So truth must remain, at least partially, a mystery, especially to those who wish for it most. It is, the poet Rainier Rilke once proclaimed, like locked doors that we are not yet ready to open. We could not yet have it.

But although the door is locked we hold the key as one holds sand between his fingers. For the key is desire and within the longing the answer lies like exquisite wine in the barrels of our existence. For the truth to be something we can behold it must first age. Otherwise it is just some cheap moonshine on which we become drunk, singing and dancing around our own Babeling towers.

And so truth remains slightly out of my grasp, alluding me as a bird in the wind. The desire moves me forward, one step at a time. And I learn to love the scent of truth almost as much as its fulfillment. The kingdom of God is already among us, after all.

In the meantime, my guitar sits in the corner and I move on to other things. After all, it’s only what I want until I have it.

Luckily for the neighbors.

A Hand I Can Accept

My wife came home the other day with a potted pansy with which to decorate the apartment. We set it by our living room window for ample sunlight and I was disconcerted to notice it already looked somewhat withered. So I watered it and opened the window, assuming fresh air would do it some good.

The following days were warm and amicable. I didn’t check the weather too much and the window stayed open. Then one night a front moved through. My wife and I went to sleep with the sound of rain falling outside our open window and just a lite blanket on our bed.

But by the time we awoke both of us were shivering. When I raised the blinds in our bedroom I beheld a thin layer of snow covering the ground. I closed the window then remembered the pansy.

Sure enough, it was sitting upon the open windowsill exposed to the bitter chill from outside. The leaves were completely withered, hanging over the side of its pot like a ten-year-old with a bad case of seasickness might posture himself over the railing of a ship. I closed the window quickly, though I doubted it would do any good.

I have not come to terms with a world in which things die; I’m not quite sure I am meant too. For the survival instincts of a living, breathing and pulsating planet beckons me to witness the common bond between all living things, the bond that drives us in a plight for survival. Despite what we all know.

I went for a run the other day and jogged over what used to be a squirrel, flattened in the middle of the road. I stopped and looked at it grotesquely arranged on the pavement, a drunken eulogy of flesh and bones. I looked for a moment, then I continued jogging.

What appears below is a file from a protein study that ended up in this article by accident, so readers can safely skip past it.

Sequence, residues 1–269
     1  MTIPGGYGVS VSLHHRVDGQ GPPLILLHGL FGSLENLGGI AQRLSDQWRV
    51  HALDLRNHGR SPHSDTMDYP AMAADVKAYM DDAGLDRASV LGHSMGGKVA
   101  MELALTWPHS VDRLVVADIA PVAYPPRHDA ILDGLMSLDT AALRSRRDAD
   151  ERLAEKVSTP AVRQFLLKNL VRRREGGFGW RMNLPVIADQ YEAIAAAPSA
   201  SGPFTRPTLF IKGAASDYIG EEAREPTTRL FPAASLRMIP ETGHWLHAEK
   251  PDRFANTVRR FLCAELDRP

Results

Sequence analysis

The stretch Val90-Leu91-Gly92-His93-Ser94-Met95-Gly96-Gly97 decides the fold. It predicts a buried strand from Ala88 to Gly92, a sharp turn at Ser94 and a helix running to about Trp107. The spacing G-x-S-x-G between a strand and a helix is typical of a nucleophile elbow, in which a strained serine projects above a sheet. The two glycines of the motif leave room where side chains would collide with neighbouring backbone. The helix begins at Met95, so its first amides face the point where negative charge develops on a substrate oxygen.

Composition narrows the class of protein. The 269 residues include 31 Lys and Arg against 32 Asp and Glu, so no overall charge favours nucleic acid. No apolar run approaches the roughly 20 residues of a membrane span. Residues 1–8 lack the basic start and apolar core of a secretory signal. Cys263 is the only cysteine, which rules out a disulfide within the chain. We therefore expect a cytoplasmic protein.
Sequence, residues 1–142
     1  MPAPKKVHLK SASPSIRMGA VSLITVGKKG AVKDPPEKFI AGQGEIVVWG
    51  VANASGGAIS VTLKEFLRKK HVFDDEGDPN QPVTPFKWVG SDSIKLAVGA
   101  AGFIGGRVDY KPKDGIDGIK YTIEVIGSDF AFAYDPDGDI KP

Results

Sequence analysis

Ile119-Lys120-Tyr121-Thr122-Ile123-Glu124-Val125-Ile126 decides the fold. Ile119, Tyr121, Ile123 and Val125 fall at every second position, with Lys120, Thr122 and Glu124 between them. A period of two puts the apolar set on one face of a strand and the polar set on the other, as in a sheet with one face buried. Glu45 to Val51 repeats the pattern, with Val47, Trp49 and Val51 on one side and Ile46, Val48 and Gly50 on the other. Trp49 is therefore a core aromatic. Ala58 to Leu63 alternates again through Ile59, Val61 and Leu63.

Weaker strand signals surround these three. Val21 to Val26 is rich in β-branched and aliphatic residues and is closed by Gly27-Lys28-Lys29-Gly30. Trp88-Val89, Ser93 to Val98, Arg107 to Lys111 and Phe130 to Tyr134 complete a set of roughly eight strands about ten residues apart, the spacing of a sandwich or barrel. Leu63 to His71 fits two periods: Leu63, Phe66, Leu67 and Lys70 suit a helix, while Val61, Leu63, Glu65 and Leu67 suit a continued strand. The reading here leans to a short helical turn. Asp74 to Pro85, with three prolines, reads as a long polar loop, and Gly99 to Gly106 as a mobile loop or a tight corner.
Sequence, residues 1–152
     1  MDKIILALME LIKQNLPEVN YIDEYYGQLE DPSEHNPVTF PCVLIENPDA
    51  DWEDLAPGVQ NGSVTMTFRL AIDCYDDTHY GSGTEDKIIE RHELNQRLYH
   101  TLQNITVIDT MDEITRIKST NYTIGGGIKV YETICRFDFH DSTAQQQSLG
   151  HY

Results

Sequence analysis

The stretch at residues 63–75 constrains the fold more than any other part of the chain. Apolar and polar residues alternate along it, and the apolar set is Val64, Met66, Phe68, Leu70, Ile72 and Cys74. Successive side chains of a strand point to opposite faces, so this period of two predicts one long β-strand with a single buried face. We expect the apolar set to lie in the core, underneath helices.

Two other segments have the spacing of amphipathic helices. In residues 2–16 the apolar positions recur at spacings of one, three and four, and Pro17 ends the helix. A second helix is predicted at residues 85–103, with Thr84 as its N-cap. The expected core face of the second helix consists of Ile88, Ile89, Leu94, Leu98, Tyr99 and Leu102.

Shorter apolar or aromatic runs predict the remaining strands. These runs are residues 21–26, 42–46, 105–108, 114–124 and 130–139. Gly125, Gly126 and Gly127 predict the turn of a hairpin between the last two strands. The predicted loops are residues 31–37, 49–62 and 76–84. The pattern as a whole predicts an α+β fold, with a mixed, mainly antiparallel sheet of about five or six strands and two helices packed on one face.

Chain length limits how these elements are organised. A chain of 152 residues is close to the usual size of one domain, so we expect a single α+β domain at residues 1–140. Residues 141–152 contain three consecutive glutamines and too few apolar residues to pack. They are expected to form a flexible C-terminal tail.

My wife appeared from our bedroom with two sweatshirts on and a look that I’m certain was meant to remind me of how I’d insisted on keeping the windows open the night before. But I didn’t take note.

“The flower,” I said, “it was left by the open window last night.”

“So was your wife,” she noted.

“I don’t know what to do,” I said.

“… ‘Sorry’ would be a good start.”

I rolled my eyes at her. “I meant about the pansy.”

Which is, to say the least, missing the point.

I could, perhaps, save the plant. Maybe some super-duper fertilizer would do the trick. Maybe if I put it into the microwave the warmth would revive its veins (note: as it turns out, this is not a good idea). Maybe, if I’m there five minutes before, I can dash out into the street and scare the squirrel into a tree so it isn’t run over.

But the pansy will die eventually. The squirrel may stay in the tree for a moment and, when I’m gone, dash beneath the wheels of the next car to pass. The executioner’s blade will fall upon us all, eventually. We can dodge it for a while; we can avoid it for a time. But learning to avoid it is missing the point. And I’d rather believe that death is god and it will win than ignore the elephant with cross-bones in its eyes looming at the end of my existence. I could not live in such denial.

But that is why yesterday I celebrated the only death I can celebrate: the death of a humble carpenter from a humble town, one that I’ve never visited. I celebrate this death with joy and reverence. I celebrate this death as I remove the pansy from my windowsill and stare at the body of a squirrel in the street. I celebrate the death with every moment of my existence, a living celebration to Him.

I celebrate His death for the fact that it was the most voluntary event in the cosmos. He was not a flower weakly succumbing to a sudden atmospheric change. Rather, He submitted to death’s terms by choice. And I celebrated His death yesterday because tomorrow I will celebrate that His agreement to said terms was only temporary; He always held the upper hand and He played it for everyone. Everyone, that is, but Himself.

I cannot accept a world where things die around me but I can accept that hand. I can accept a hand with a nail driven through it. I can accept a hand played for a world that lives, breathes and fights for life in testimony to the voluntary acceptance of the final sting in our stead. I can accept the hand which says a dead flower on my windowsill is neither permanent nor unnoticed.

I can accept that hand and within it find joy.

Then I can apologize to my wife for leaving the window open.